Finally, the molecular and cellular mechanisms involved in melanosome transfer to keratinocytes are not completely understood yet. Studies of the keratinocyte receptor PAR-2 suggested it controls the melanosome ingestion and phagocytosis by keratinocytes. Moreover, PAR-2 is induced by UV irradiation and inhibition of PAR-2 activation results in the prevention of UVB-induced tanning [54].
In summary, the epidermis has a complex network that secretes as well as responds to autocrine and paracrine factors produced by keratinocytes and melanocytes. It is likely that the melanocyte proliferation requires the cross talking of several signaling pathways (including the cAMP/PKA, PKC, and tyrosine kinase pathways), and the mechanisms by which various factors increase skin pigmentation are closely inter-related.
Melasma Pathogenesis
Up or down regulation of the interconnected network so far described is intrinsically involved in the alteration of melanocytic functions occurring in many epidermal pigmentation disorders [55]. In literature, it has been evidenced that in most hyperpigmentation syndromes multiple pathways regulating melanoblast differentiation/ migration, melanogenesis and melanocyte proliferation are simultaneously affected.
Among skin pigmentation disorders, a typical melanogenesis dysfunction characterized melasma, a chronic acquired hypermelanosis of the skin [56,57]. Melasma common presentation consists of facial hyperpigmented macules, which become more evident after sun exposure. It may affect both sexes and all races, but it occurs more often in Asian or Hispanic people with intermediate phototypes. It is more common in adult women in childbearing age, but its onset can also be after menopause. The age of onset is usually between 30-55 years and men account for 10% of cases [58-60].
In melasma, the melanocytes are enlarged and highly dendritic, as in a hypermetabolic state, and an increase in melanin deposition in epidermis and dermis is evidenced [61,62].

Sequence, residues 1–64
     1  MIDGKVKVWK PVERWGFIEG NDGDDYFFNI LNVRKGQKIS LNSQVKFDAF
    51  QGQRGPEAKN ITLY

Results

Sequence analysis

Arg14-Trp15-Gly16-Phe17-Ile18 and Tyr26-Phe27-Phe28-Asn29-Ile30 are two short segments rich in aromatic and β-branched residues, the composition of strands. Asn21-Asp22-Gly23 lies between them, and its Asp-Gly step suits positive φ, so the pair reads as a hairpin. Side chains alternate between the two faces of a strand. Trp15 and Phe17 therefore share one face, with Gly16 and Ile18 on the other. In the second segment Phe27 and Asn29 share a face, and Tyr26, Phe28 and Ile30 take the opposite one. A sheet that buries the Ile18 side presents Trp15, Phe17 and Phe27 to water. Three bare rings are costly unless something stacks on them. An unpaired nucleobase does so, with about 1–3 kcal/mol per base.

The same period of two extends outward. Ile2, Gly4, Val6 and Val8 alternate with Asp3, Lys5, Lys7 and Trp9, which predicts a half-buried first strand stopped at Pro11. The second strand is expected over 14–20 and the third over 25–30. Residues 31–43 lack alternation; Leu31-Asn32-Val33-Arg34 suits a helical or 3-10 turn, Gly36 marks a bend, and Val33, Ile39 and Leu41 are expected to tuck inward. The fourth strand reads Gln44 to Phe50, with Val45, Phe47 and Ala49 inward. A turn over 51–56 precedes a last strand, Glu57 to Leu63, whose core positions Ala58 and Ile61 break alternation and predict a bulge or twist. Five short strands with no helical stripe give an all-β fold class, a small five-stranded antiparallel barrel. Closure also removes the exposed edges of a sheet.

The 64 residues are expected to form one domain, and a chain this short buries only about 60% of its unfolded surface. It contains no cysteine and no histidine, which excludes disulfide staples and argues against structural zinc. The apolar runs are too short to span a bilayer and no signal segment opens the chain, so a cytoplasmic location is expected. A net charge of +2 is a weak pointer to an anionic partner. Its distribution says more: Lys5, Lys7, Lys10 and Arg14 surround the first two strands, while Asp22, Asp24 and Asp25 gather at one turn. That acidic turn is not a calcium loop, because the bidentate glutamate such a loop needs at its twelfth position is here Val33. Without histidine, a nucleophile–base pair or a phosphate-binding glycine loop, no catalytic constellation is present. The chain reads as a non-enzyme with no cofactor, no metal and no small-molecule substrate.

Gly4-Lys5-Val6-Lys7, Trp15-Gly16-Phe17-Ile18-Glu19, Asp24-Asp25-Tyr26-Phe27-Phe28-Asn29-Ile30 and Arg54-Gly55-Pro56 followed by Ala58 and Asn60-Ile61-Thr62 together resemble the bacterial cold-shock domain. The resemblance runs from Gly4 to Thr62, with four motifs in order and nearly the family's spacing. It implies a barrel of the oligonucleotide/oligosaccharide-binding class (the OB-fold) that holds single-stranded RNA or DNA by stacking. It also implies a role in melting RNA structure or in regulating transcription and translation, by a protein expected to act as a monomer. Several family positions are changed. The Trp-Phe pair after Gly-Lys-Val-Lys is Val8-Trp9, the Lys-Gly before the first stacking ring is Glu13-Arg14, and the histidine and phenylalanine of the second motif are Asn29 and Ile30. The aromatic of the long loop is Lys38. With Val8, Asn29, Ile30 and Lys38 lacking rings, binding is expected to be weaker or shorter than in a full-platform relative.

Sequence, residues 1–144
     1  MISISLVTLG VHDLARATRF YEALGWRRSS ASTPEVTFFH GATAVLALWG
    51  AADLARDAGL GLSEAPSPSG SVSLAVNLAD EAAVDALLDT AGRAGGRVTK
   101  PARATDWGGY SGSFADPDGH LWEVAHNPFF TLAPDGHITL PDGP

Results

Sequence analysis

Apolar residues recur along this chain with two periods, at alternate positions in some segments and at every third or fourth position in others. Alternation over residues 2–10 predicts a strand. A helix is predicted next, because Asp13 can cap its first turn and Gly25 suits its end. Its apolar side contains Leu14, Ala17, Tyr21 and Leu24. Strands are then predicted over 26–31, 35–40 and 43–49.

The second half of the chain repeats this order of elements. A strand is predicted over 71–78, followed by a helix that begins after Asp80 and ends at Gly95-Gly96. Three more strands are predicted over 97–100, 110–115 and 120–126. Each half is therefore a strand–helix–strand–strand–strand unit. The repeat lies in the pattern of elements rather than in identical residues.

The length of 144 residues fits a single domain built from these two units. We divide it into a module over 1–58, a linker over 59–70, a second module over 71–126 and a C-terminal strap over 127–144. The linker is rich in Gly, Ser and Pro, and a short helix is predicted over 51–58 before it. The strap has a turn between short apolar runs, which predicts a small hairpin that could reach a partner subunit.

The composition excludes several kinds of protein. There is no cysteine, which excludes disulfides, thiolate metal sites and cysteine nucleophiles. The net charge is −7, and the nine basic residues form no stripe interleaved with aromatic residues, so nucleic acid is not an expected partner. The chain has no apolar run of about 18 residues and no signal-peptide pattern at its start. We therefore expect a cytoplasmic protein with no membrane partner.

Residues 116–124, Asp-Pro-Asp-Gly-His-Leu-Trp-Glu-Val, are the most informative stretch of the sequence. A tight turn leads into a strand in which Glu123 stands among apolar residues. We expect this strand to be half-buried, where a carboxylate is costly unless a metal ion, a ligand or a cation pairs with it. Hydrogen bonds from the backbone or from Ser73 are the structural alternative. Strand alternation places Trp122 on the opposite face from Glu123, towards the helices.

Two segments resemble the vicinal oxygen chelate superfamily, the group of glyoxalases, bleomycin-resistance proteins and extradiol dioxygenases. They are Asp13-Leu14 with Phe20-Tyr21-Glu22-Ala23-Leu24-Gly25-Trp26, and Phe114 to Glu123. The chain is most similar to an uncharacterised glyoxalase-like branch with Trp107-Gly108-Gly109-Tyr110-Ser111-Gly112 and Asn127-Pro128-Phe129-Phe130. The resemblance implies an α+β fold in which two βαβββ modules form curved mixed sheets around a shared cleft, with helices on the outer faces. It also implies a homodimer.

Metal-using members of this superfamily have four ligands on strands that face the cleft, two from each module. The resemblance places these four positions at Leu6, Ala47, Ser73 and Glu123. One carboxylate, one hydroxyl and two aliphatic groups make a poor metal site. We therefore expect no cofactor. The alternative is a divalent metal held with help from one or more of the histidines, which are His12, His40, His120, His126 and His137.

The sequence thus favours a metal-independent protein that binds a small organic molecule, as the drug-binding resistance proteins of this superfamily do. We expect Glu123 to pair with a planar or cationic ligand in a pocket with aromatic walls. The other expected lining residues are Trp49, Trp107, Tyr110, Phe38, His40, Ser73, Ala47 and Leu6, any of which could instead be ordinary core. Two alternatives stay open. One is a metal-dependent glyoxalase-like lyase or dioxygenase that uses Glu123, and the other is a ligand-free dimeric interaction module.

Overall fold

There are numerous factors involved in the aetiology of the disease, including genetic influences, endocrinopathies, pregnancy, exposure to UV-R, distress, hormone therapy, drugs and cosmetics; among all these, it seems that genetic predisposition and exposure to sun radiation play the pivotal role.
During pregnancy, increased levels of estrogen, progesterone and MSH have been associated with melasma. In addition, oral contraceptives have been linked to skin hyperpigmentation; it has been speculated that increased levels of estrogens may stimulate the activity of melanocytes [63]. Indeed, melanocytes express estrogen receptors and estradiol stimulates melanogenesis enzymes, such as TYR, TRP1, and TRP2 [64]. Moreover, β-estradiol increases the expression of α-MSH and MC1-R in melanocytes [65]. In addition, a case report study demonstrated an increased expression of estrogen receptors on skin in two patients with melasma [66].
A strong α-MSH immunoreactivity on skin with melasma was suggested by immunohistochemical findings. A strong expression of α-MSH antigen in keratinocytes of melasma-affected skin suggested that α-MSH plays a key role in the hyperpigmentation [58,67]. Probably, persistent overexpression of α-MSH following UV exposure contributes to the development of melasma [67]. Nonetheless, the exact pathogenesis remains to be elucidated.